TWO babies with severe congenital liver disease saw their chances to survive after their mothers were found to be qualified to donate part of their livers to each other's boys.
Zhe Zhe and Tuan Tuan, both born early this year, will receive liver transplant surgery in a Beijing hospital tomorrow in what is described as the nation's first liver donor exchange, the Beijing News reported yesterday.
The baby boys have congenital biliary atresia, a condition in which bile cannot drain from the liver due to an absence or closure of ducts, and a transplant is the only effective method of treatment. Otherwise, patients may die of liver failure.
But the two mothers were frustrated after being told that their blood types didn't match their own sons. Their anxiety grew when their husbands were also disqualified and months of waiting for donors were fruitless.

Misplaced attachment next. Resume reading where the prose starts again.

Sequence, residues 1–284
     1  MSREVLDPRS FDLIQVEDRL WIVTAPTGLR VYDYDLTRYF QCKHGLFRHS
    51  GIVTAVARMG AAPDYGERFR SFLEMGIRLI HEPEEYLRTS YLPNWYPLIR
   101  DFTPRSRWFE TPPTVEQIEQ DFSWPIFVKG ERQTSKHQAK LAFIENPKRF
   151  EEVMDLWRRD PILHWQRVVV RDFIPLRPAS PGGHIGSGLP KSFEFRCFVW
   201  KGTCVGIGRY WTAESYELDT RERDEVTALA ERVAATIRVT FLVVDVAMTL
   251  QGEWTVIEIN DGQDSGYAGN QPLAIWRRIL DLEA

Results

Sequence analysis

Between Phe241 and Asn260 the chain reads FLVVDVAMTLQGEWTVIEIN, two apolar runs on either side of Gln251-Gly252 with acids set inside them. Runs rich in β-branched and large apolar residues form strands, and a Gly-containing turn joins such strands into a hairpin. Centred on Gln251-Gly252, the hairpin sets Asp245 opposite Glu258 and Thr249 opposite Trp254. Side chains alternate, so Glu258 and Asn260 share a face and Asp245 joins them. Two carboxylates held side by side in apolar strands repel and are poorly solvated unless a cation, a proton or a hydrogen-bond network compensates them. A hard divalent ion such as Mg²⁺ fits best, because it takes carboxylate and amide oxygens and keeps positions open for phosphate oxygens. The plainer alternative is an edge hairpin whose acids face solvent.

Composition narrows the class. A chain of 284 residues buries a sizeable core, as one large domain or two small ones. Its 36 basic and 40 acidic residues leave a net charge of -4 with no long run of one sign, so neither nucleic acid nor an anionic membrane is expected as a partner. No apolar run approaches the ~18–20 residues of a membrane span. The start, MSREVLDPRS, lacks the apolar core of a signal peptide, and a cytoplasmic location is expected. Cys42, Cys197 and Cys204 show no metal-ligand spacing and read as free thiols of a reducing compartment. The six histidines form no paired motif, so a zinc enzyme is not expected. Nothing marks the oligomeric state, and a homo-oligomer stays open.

"I felt the world collapsing," Zhe Zhe's father, Liu Xiang, told the paper. The couple, migrant workers from Hubei Province, said their baby boy already had undergone an operation.
However, the boys' mothers chatted online and found they might be able to save each other's sons.
Yin Chunlin, Tuan Tuan's mother, and her husband, Luo Kaizhi, took the boy to Beijing from Yunnan Province.
The two families raised 100,000 yuan (US$15,780) from relatives and charities for medical expenses. But doctors said the surgery failure rate is still up to 20 percent at the boys' young age.
News we recommend